Intuition and Creativity

This post is derived from a review article: “The Role of Intuition in the Generation and Evaluation Stages of Creativity,” authored by Judit Pétervári, Magda Osman and Joydeep Bhattacharya that appeared in Frontiers of Psychology, September 2016 doi: 10.3389/fpsyg.2016.01420. It struck me that in all this blog’s posts, creativity had almost never come up. Then I threw it together with Edward O Wilson’s 2017 book:  The Origins of Creativity, Liveright Publishing, New York. (See posts Evolution for Everyone and Cultural Evolution for more from Edward O. Wilson. He is the ant guy. He is interesting, understandable, and forthright.)

Creativity is  notoriously difficult to capture by a single definition. Petervari et al suggest that creativity is a process that is broadly similar to problem solving, in which, for both, information is coordinated toward reaching a specific goal, and the information is organized in a novel, unexpected way.  Problems which require creative solutions are ill-defined, primarily because there are multiple hypothetical solutions that would satisfy the goals. Wilson sees creativity beyond typical problem solving.

Petervari et al propose that there are good conceptual grounds and evidence for proposing a link between intution and creativity. Intuition is rapid and spontaneous, does not require extensive effort, cannot be voluntarily controlled, and does not necessarily follow logical rules. Further, the outcomes generated from the intuitive process are generally holistic, cannot be verbalized with sufficient details, and are made with  high confidence. When a problem is complex, multidimensional and no  clearly defined rules are available for solving it, a creative solution is often based on the problem solver’s judgment of what is an appropriate solution in the absence of any clear, reasoned path.

The authors propose that both idea generation and evaluation are critical for shaping the creative product of the creative process  and that the creative process is a dynamic one which can involve several iterations of generation and evaluation of ideas that a problem solver goes through before reaching an end state. Intuitive judgment is an important feature in the creative process since people often lack insight into how they generated a novel solution, and experience surprise. Petervari et al suggest that “with creativity a combinatorial explosion of possible choices occurs.”

Akin to constructive intuition (See post Intuition’s Four Parts), mental representations are constructed based on both current information and traces activated from long-term memory.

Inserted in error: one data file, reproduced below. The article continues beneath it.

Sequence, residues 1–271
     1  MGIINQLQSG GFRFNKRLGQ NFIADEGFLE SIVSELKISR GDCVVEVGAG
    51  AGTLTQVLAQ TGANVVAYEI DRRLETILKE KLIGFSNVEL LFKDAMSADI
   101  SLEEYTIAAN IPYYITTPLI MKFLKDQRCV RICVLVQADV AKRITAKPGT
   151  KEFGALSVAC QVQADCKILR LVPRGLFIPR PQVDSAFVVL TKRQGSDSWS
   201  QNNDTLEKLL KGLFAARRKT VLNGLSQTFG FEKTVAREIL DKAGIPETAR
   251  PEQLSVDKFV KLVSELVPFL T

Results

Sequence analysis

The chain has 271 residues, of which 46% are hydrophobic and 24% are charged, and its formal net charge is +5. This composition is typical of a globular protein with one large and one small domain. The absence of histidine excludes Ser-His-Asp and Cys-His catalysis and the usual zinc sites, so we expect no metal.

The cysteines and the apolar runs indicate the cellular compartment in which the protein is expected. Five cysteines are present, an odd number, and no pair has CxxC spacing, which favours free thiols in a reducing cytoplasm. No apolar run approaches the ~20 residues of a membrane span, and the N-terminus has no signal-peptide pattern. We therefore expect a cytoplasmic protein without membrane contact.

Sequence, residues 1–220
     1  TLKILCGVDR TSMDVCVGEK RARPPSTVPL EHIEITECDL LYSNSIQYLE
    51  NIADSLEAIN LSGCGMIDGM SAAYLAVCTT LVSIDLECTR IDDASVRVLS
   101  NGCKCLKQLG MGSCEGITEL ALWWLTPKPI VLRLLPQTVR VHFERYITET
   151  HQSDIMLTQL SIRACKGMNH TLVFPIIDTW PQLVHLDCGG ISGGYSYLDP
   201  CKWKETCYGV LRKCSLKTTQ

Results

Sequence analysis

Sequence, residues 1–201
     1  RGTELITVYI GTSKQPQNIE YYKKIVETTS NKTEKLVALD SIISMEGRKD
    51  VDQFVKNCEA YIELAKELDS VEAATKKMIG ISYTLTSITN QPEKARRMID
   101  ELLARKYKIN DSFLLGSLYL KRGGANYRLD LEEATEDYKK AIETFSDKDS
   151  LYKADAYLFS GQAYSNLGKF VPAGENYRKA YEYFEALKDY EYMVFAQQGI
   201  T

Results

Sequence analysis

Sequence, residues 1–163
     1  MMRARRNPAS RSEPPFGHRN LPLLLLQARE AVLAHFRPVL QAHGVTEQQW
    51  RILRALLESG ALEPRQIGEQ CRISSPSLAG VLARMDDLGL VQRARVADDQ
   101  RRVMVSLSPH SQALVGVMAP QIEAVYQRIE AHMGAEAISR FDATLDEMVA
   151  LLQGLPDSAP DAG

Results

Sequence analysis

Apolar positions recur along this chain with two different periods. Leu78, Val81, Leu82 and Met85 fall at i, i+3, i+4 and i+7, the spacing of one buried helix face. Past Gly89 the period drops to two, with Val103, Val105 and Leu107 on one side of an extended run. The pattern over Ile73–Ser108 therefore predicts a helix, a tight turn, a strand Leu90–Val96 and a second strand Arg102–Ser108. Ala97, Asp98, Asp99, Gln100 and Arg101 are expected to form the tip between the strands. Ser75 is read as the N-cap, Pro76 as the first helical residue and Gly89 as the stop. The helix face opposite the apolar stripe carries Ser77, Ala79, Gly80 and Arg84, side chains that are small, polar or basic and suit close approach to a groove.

Figure 1 presents a schematic of a conceptual framework created by Petervari et al.

Path 1
During this first pathway, intuition maybe employed to recognize new elements or variation of elements by recognizing their value based on gut feeling. However, rational analysis may yield the same results through a less elegant, more time-consuming procedure. It is thus Path 2 in which intuition is more obviously featured in both idea generation and evaluation.

Path 2
In contrast, big leaps in knowledge occur if problem solvers create a novel paradigm to solve a problem and this can serve as the basis for solving future, related problems. The motivation for
doing so is that the existing framework proved to be unproductive for reaching a specific goal, such as there maybe empirical evidence at hand which does not fit the theoretical assumptions,
or a problem must be solved which cannot be asked/answered under the existing frame. It is also possible that a creator is not knowledgeable of existing procedures thus establishes their
own. The same applies to relying on chance and selecting ideas completely randomly. Rather what happens is that a creator gains a starting hypothesis relying on a gut feeling. He/she combines separate chunks of gradually acquired information about what could be working and boils them down to form a new coherent construct via associations. In this path, intuition cannot be replaced with analysis and it sometimes even precedes analysis. It is tightly linked to establishing new paradigms, not only in the idea generation phase but in the evaluation phase too.

In the Origins of Creativity Wilson sees creativity enabled by language as what makes us human. He sees creativity as the quest for originality and that we judge it by the emotional response it elicits. Wilson broadens the concept beyond problem solving and science to imagination and the humanities. Being creative involves our connections with other humans and our enjoyment of those connections. Creativity is a product of genetic and cultural evolution and Wilson sees it with great opportunity to bridge the sciences and the humanities in new ways. We are audio visually dominant and thus art including theatre and cinema,  literature, and music give us most of our archetypes. Wilson believes that as science progresses we will be able to translate an insect’s brain, understand its sensory perceptions and to some extent empathize with it. We will be more able to measure the world to better understand ourselves. We will better understand that our senses gather a tiny percentage of the information available. He believes that we will better understand what gradually happened in front of the evening fire over fifty thousand years or so. He sees metaphor as one key to creativity. The post Metaphor that mostly discusses the work of Keith Holyoak helps explain metaphor, but Wilson adds to this by suggesting that metaphors have meaning based on the impact on idiosyncratic human senses and emotion so that they are part instinctual, part learned, part genetic, and part cultural. Wilson believes that paleontology, anthropology, psychology, evolutionary biology, and neurobiology can help connect science and the humanities in a way that could help enlighten us.